Then in 2018 United Ventures and Vertis entered with €10 million. The last raising was just over a year ago, when United Ventures and Vertis invested €5.6 million in what was to be a bridge round together with Merloni Holding. Other institutional partners include Banca Sella, Deutsche Bank and Tikehau Capital, for which Rocco di Torrepadula, a former manager at The Boston Consulting Group, was senior advisor, who had participated over the years in the various structured credit securitizations by Credimi and had sealed the partnership by also investing a chip in the capital. This was all with a view to a further round that was instead to be in the range of €80-€100 million, with which the scaleup aimed to involve international venture capital funds as well.

Necessary also because the business in the meantime has gradually absorbed the capital raised in previous rounds, generating net losses that have been covered with existing reserves. In fact, as stated in the Report on Operations for the 2021 Budget, compared to increasing net interest and other banking income to €10.8 million in 2021 from €8.1 million in 2020 and €2.7 million in 2019, there was a net loss of €7.6 million in 2021, after €4.15 million in 2020 and €7.07 million in 2019, and at the same time gross borrowings rose to €31.5 million in 2021 from €13.6 million in 2020 and €21.5 million in 2019. All this, it is pointed out, despite the fact that in 2021 interest and commission margins grew by 40 percent in total, exceeding €15 million.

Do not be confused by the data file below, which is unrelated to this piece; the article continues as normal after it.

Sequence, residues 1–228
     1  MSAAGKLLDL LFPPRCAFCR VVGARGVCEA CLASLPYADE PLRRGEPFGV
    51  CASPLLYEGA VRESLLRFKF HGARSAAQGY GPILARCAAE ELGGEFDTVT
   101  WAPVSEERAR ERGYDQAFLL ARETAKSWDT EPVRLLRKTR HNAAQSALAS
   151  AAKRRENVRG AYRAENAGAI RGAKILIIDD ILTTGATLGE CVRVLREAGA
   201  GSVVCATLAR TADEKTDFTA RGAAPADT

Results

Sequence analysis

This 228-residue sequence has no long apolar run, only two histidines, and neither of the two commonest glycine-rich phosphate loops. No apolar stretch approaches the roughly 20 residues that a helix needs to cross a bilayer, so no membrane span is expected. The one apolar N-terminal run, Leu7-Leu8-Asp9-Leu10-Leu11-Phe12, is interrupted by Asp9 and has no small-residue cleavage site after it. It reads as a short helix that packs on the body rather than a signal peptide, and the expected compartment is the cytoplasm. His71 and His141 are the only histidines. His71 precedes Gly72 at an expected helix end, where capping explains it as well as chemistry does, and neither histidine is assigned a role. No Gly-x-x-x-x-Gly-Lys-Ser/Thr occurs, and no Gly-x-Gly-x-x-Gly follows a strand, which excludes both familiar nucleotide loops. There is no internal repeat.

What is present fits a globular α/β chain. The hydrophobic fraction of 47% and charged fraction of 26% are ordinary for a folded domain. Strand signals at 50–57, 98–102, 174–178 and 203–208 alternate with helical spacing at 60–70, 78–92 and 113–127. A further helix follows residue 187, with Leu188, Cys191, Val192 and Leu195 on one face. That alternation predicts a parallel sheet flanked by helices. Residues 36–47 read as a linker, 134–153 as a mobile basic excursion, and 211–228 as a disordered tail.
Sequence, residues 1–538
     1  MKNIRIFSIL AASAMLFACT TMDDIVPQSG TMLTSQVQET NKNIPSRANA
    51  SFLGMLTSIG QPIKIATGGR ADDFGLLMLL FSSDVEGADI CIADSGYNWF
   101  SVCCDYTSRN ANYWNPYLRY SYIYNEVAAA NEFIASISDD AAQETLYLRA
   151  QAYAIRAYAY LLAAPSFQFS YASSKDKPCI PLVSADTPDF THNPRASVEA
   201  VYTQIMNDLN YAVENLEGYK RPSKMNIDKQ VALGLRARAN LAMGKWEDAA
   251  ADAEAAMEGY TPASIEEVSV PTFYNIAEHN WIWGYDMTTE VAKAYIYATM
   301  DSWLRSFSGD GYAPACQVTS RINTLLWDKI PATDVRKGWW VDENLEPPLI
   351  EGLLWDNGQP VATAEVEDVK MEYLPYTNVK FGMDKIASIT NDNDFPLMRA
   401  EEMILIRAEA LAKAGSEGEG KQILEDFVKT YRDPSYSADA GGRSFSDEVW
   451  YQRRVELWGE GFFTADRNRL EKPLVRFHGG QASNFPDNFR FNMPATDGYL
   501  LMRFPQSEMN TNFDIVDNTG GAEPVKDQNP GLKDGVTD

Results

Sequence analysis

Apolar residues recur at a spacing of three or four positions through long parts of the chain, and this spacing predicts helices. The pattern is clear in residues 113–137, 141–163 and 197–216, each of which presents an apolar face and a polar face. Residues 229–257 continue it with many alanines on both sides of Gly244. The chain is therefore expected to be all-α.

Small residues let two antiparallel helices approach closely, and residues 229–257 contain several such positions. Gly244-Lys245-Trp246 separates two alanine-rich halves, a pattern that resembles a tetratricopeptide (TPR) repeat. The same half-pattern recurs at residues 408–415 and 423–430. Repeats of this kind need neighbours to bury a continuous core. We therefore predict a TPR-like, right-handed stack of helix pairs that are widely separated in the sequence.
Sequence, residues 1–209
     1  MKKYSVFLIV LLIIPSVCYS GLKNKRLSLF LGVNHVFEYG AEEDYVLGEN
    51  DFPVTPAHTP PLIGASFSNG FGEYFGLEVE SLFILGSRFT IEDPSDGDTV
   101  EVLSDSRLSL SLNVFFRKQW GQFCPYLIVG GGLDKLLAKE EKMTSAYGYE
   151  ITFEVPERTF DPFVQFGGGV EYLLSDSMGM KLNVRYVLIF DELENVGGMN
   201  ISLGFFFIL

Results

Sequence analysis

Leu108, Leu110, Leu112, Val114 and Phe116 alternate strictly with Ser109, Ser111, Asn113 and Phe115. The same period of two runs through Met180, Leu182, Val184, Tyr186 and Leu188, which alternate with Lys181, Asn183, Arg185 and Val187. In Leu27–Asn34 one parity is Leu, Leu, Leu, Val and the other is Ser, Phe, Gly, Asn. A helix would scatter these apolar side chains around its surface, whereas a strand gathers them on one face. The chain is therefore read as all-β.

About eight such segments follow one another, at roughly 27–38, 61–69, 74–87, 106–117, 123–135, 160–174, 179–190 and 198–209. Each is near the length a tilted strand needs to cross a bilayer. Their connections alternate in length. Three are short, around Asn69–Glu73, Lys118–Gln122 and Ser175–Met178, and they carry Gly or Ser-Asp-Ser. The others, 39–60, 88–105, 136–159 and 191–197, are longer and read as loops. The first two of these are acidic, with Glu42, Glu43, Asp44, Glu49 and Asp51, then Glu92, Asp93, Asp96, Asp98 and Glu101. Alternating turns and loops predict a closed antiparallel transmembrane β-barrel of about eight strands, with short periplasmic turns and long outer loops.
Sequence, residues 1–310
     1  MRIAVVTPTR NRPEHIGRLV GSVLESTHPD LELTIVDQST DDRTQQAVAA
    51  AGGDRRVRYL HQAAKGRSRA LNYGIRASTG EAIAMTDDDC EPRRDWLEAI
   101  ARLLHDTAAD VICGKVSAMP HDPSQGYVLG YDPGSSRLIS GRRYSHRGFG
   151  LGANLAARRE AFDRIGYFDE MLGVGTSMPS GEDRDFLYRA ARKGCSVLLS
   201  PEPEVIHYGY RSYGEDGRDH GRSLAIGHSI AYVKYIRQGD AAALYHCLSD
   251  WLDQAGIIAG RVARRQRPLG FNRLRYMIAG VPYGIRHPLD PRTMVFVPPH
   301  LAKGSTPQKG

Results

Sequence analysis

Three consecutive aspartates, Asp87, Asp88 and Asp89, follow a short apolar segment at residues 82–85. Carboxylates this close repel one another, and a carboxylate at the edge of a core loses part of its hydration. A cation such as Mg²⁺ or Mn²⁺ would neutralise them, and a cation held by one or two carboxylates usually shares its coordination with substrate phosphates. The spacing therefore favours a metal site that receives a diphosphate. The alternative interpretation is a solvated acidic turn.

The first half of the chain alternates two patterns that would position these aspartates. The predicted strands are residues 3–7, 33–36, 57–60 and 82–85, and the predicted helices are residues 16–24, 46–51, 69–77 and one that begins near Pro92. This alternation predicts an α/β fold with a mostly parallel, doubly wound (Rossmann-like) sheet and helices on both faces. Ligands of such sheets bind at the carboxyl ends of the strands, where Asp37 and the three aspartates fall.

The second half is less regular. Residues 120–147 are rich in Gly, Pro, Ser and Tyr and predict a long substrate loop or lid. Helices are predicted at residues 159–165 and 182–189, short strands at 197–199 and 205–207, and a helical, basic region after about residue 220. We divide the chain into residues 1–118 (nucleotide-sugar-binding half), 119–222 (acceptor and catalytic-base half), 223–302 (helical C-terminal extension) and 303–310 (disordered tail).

Also, the latest capital increase had become necessary to allow Credimi to continue to comply with banking supervisory rules, given the continued development of the business. As is well known, in fact, financial intermediaries registered with Bankitalia on the basis of Article 106 of the Consolidated Banking Act, as is precisely the case with Credimi, must comply with precise capital ratios related to total loans disbursed. The idea was then precisely to structure capital in a far more important way, given further growth plans.

And this, because Credimi’s business model, as the Report on Operations for the 2021 Annual Report also states, entails that the company finds itself “managing for very short cycles disbursements with its own liquid assets before receding eligible positions to the securitization vehicles Lumen spv and Perseveranza spa.” For this Credimi “has equipped itself with a number of credit lines taken out with leading banking institutions to cope with any short overdraft periods. In addition, in order to finance the notes of the securitizations with respect to which Credimi holds a stake, the company has taken out special financing lines.”

The new round operation, however, turned out to be more complicated than expected, and in the meantime, it has become increasingly difficult to finance and thus provide credit to SMEs through the platform. The scaleup was therefore no longer able to generate the margins and commissions that are its only source of revenue in the face of a rigid cost structure of about 800 thousand euros per month for the headquarters and management of the technology platform. A situation that has thus generated a liquidity crisis.